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110v to 12v power supply, purchase or DIY???

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#1 PGW Steve

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Posted 28 February 2009 - 12:51 AM

I've been running my mount in the back yard for a while now and don't see much point in lugging booster packs that have a limited life under the strain of dew heaters and -25C temperatures.
I know that Kendrick and Astro-Physics sell an off the shelf inverter. I'm wondering if there is another option for a heavy duty all in one type inverter. As far as a do it yourself project, could you use a heavy duty battery charger as the 'transformer' and then attach 12v sockets to the charging cables?
Any help would be appreciated.

#2 TheMenace

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Posted 28 February 2009 - 04:50 AM

http://salestores.co...sppoceacto.html

I have something like this from radio shack and it runs my EQG just fine.

#3 johnpd

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Posted 28 February 2009 - 05:50 AM

Try this one or this one.

#4 mclewis1

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Posted 28 February 2009 - 11:50 AM

Steve,

Don't hook up a connector to just a transformer, you need a well regulated and protected 12v power supply. Something that will put out a consistent 12.5 - 13.5 v under all normal loads and that if in the event of a failure will not dump the raw (18+ v off of the transformer) into your scope.

Sure you can build one but I'm with johnpd ... just buy a Pyramid or other well respected brand of power supply. Don't go really cheap (off of ebay from an unknown supplier). The few extra dollars spent will be good insurance.

I use a pair of Pyramid 9KX's to power my CGE and imaging gear. Size your power requirement and then add 50% and you'll likely never have to worry about it again.

#5 ccs_hello

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Posted 28 February 2009 - 01:17 PM

If the device is used outdoors, please make sure the ventilation holes are not exposed to the ambient.
Open-frame type is not recommended.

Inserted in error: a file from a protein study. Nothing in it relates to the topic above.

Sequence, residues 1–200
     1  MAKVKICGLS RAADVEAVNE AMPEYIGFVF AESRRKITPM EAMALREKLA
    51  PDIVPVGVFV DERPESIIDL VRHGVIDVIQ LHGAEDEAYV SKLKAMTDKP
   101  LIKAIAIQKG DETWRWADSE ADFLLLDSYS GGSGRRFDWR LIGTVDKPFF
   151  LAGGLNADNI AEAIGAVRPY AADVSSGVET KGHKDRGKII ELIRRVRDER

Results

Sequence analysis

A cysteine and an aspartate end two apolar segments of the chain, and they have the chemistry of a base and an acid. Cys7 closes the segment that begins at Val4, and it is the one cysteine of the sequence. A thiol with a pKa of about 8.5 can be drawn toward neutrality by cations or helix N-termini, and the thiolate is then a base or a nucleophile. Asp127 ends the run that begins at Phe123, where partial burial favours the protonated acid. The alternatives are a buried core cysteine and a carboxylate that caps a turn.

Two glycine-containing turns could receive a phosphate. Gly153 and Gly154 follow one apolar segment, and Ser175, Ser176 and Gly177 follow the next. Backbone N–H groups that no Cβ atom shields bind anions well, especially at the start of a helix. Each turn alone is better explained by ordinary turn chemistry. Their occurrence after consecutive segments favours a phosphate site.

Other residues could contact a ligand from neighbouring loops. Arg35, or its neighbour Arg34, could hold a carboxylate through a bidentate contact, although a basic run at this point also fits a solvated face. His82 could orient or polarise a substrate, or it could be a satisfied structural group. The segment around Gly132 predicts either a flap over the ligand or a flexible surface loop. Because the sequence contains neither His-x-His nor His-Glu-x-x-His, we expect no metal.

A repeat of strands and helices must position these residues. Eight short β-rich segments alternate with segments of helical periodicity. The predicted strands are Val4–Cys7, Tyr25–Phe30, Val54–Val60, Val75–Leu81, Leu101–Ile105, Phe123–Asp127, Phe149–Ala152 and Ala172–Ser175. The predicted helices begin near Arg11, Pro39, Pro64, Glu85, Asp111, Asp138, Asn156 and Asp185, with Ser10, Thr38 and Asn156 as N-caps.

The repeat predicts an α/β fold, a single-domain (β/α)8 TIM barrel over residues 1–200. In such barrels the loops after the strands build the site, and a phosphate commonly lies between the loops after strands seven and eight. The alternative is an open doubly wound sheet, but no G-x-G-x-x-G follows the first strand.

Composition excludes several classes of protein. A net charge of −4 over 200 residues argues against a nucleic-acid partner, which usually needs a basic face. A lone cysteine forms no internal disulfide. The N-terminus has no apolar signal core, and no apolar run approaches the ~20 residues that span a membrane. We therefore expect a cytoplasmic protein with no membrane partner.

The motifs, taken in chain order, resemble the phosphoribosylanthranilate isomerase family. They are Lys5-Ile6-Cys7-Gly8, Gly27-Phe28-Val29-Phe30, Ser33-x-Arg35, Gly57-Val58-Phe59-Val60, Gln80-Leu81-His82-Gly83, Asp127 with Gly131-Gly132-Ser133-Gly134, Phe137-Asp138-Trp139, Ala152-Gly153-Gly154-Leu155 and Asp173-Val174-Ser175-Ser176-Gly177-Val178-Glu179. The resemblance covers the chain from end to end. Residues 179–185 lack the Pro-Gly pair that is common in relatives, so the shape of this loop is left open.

Clear Skies!

ccs_hello

#6 Luigi

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Posted 01 March 2009 - 08:12 AM

A battery charger is not designed to run 12V devices, but to charge batteries, so is the wrong device to use for a number of technical reasons. Good 12V supplies(actually 13.8 volts, which is the fully charged voltage of a 12V lead acid battery) are very reasonable. You can get a 30 amp supply around $150, maybe less. Keep the supply in your house and run heavy gauge wire for 12V to your observing location. Put a fuse at the power supply to limit the current to that which is safe for the wire you use. For 30A, you need something like 6 gauge wire. If you use smaller gauge wire, use an appropriate smaller fuse. Check here for wire gauge recommendations. http://www.powerstre...m/Wire_Size.htm

#7 rmollise

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Posted 01 March 2009 - 10:43 AM

I've been running my mount in the back yard for a while now and don't see much point in lugging booster packs that have a limited life under the strain of dew heaters and -25C temperatures.
I know that Kendrick and Astro-Physics sell an off the shelf inverter. I'm wondering if there is another option for a heavy duty all in one type inverter. As far as a do it yourself project, could you use a heavy duty battery charger as the 'transformer' and then attach 12v sockets to the charging cables?
Any help would be appreciated.